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Clearcuts for Christmas?

Pro-logging “rider” bill in Congress would allow clearcutting in our national forests

When Americans think about the presents they want for the Holidays, clearcuts on our national forests and other federal public lands is not what they have in mind.  But that is exactly what radical, anti-environmental members of Congress are proposing to do right now — make a generous gift to the logging industry. 

Rim fire loggingPhoto by Chad HansonPost-fire clearcutting on Forest Service land in the Rim fire area eliminated the wildlife-rich snag forest habitat and left only stump fields.

Republicans in the Senate are using the upcoming December 11 government-funding deadline and fear and misinformation about wildland fire in our forests, to pressure some Democrats and the Obama Administration to go along with a logging bill that would be attached as a “rider” to the Omnibus appropriations act in the coming days. The logging rider would suspend environmental laws to allow commercial logging projects to go forward on our national forests and other federal forestlands through “categorical exclusions.” The rider would, among other things, effectively exempt logging from any environmental analysis or disclosure of adverse impacts on imperiled wildlife species, watersheds, or forest carbon storage. The provisions of the logging rider are similar or identical to many of those in HR 2647, which House Republicans passed earlier this year. 

Troublingly, though the logging rider is being led primarily by Republicans, some Democrat Senators from states with an active timber industry presence too, appear to be willing to go along with the proposal. Worse, there are indications that President Obama may be willing to acquiesce to Republicans on the logging rider in exchange for an agreement over increased funding for ill-advised and ineffective backcountry fire suppression. Indeed, the recent fire-phobic and pro-logging rhetoric coming from a few western Democrats, such as Senator Ron Wyden from Oregon, is virtually indistinguishable from the media messages coming from logging industry spokespersons.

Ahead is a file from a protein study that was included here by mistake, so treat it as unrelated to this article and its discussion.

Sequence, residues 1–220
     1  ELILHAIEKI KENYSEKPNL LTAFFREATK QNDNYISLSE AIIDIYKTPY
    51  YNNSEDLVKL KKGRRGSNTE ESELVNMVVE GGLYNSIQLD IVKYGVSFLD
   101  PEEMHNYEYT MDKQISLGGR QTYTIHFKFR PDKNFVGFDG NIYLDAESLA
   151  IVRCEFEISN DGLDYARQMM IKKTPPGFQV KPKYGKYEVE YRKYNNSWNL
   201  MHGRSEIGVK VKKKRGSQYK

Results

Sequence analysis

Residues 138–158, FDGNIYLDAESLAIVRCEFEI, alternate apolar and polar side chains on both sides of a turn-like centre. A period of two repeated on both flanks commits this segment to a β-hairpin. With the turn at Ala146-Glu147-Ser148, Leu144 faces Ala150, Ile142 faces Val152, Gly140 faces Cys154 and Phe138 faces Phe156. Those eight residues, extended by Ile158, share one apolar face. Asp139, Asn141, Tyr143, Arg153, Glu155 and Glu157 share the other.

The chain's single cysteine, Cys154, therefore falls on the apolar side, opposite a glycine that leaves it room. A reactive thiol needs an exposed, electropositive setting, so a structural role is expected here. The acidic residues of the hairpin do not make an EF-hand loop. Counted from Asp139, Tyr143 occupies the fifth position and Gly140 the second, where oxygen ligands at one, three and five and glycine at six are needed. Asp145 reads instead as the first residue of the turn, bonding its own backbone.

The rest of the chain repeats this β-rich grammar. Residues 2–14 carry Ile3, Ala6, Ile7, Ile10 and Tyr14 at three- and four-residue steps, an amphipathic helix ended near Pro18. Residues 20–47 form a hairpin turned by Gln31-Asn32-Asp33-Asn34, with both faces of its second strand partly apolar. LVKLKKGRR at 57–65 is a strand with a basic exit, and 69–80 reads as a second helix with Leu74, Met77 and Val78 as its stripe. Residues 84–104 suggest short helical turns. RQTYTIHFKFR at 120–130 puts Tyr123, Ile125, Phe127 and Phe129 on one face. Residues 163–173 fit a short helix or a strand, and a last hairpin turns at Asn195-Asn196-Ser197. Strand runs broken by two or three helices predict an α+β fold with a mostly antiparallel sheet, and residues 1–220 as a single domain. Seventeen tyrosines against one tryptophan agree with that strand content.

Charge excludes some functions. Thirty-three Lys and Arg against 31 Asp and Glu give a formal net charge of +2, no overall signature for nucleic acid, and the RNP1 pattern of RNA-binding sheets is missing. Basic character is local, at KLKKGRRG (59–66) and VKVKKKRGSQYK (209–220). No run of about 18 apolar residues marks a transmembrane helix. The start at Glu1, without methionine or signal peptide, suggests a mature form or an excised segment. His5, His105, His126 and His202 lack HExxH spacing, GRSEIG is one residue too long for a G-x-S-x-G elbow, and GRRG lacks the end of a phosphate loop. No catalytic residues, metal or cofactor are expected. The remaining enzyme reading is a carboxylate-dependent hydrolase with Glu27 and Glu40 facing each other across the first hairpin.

Built on deceptions, the logging rider promotes the planned expansion of timber sales on our public lands under the guise of “fuel reduction”, “restoration”, and fire management, Much of the increase in logging would be clearcutting of both old forest and ecologically vital post-fire habitat.

For example, one of the logging categories in the rider promotes clearcutting of mature and old forest ostensibly to create “early seral” conditions for wildlife. This sort of hyper-cynical spin is what now passes for cleverness in Washington, D.C. But the advocates of the logging rider are profoundly at odds with current science. As more than 260 scientists told Congress and the Administration in a recent letter, “complex early seral forest” is one of the most ecologically vital and wildlife-rich forest habitat types, and it is only created by patches of intense fire in forests and is destroyed by post-fire logging.  Clearcutting removes and damages habitat, and there is not much wildlife activity in a giant stumpfield.

In fact, there is actually a deficit of post-fire forest habitat created by these beneficial fires, and many of the wildlife species that depend upon the unique “snag forest habitat” created by more intense fire patches have become rare and imperiled, and/or are declining, due to fire suppression, "fuel reduction" logging, and post-fire logging, as detailed in the recent book, The Ecological Importance of Mixed-Severity Fires: Nature’s Phoenix.

The fundamental premise upon which this “Clearcuts for Christmas” logging rider rests — that environmental protections supposedly lead to more intense fire and logging reduces fire intensity — is quite simply one of the most profound deceptions in the history of forest management. 

post-fire habitatPhoto by Chad HansonAn ecologically-rich complex early seral forest, or "snag forest habitat", created by high-intensity fire, with an abundance of snags (standing fire killed trees), native flowering shrubs, natural regeneration of conifer saplings, and downed logs used by small mammals and amphibians.

In one large fire after another in recent years, such as the California Rim fire of 2013 in the Sierra Nevada, the forests with the least environmental protections and the most significant logging history burned most intensely, while forests that were completely protected from logging, with no logging history, burned the least intensely. This is true even when key factors such as forest type and topography are taken into account. Nor does logging conducted under the banner of “thinning” meaningfully reduce fire intensity.